But the key reasons are twofold. One is that we want to be there with the customers, but of course cost. Dealer margins are around 15 per cent and on average manufactures spend another 10 per cent on discount to push sales, so today's distribution model costs 25 per cent of revenue.
And everyone hates buying a car. An average European customer buys a new car every six years, so you go through this process once every six years, whereas a good salesman goes through the process everyday, so you know you is going to win that battle.
Tom Ravenscroft: So you aim to change the whole car owning process?
Alan Visser: We want to make it transparent and simple. I know this sounds cheesy, but if you work for the car industry you get the feeling there is something not nice about it. Its not working for the tobacco industry, but there is something not nice about it. We are trying to eliminate that element.
The car industry makes money in after sales, not in new car sales. So we make sure that your car is engineered in such way that you're going to have to come back regularly.
We offer a free winter check-free, so that we can find out that your oil filter needs changed and your wash wipers need a change. That's how the industry works. And we are saying no.
In the subscription method the service is included, so if we have to change the wash wipers or the oil filter our profits go down. We have to make the car good and make sure it stays high quality and on the road.
Tom Ravenscroft: What will you do with the old Lynk & Co cars in the model?
Alan Visser: In our subscription model you can keep the car for one month or a year. When the car comes back, whether that is after six months or three years, it goes back into the subscription cycle.
Then when you go on the configurator on our website you can chose say a black 01 and it says you can have a new one – I'm just inventing a number – for say €500, or there is a 12-month old one that has come back that you can chose and that one costs instead of €500 say €400.
Our secondhand business model is just a cheaper subscription. The older the car the cheaper you get it.
We keep a total transparency and flexibility for the user, which is the main advantage. We almost totally control residual values in the used car market as we keep it within our system.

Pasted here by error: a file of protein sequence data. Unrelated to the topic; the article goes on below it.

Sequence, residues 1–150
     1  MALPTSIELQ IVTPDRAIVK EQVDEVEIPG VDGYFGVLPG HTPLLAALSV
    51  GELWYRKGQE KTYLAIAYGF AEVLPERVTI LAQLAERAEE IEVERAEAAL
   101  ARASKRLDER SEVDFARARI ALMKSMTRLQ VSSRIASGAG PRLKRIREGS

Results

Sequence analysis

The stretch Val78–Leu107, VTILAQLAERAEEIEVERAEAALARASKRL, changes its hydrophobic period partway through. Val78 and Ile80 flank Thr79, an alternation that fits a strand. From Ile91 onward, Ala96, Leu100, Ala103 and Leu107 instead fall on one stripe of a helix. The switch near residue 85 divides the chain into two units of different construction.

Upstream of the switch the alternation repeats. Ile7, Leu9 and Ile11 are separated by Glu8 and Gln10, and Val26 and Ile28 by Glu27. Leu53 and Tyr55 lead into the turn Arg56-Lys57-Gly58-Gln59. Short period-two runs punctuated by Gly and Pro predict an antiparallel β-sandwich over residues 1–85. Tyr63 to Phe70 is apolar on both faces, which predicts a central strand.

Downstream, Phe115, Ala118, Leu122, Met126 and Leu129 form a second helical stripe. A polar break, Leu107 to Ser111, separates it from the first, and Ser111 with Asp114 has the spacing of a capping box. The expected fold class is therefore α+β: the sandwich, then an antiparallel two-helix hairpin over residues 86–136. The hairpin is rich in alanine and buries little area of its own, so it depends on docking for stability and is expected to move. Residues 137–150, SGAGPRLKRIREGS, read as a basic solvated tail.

Tom Ravenscroft: The car industry is very powerful and embedded, and a large number of people like owning a car. What will be the biggest obstacle to get this to work?
Alan Visser: Those people, and there are a lot of them, who want to buy a car, they can buy our cars. I think they are not necessarily our target customer group. But our cars are super, it's the Volvo technology, it's a super great car. There are customers that are not in our target group.
We don't try to please everybody. We come with a concept that we believe attracts those consumers who have a different mindset versus mobility and owning a car and according to our data there's a lot of them.
Tom Ravenscroft: So it doesn't matter that many people still want to own car?
Alan Visser: Those people that go to motor shows are not our customers. We go motor shows here in China because our business model here in China is more the traditional one, in Europe you won't see us at motor shows.
I think if the car industry isn't careful its going to become the supplier to a service industry. Someone will come up with the services that we are offering, whether its Google or any company, and then car industry becomes a supply. Instead of that happening we said let's become that service industry ourselves with a car.
This is what Netflix is doing – they don't just open to the multitude of series and films, they produce their own series and films and put it on their channel. They are the supplier and the distributor.
Tom Ravenscroft: Is this something only a Chinese-backed company could do?
Alan Visser: There is an openness for new things in China that I have never seen before, there is also a willingness to try out new things. You see the corporate culture changing rapidly from copying others to inventing and I find it fascinating.
People ask me "what is the big difference?" The one single massive big difference in China is speed. The speed of things happening in this country is beyond imagination.
I come here every month and land in Shanghai then drive to the office and you pass skyscrapers. You land on the first week of the month then you come the next month and the skyscraper is 10 floors up and you think they have built 10 floors or more in a month.
The same building in Europe and it takes ages. Here it just goes. And in the car industry the same. Everything goes at a speed here we can't even imagine. Its incredible.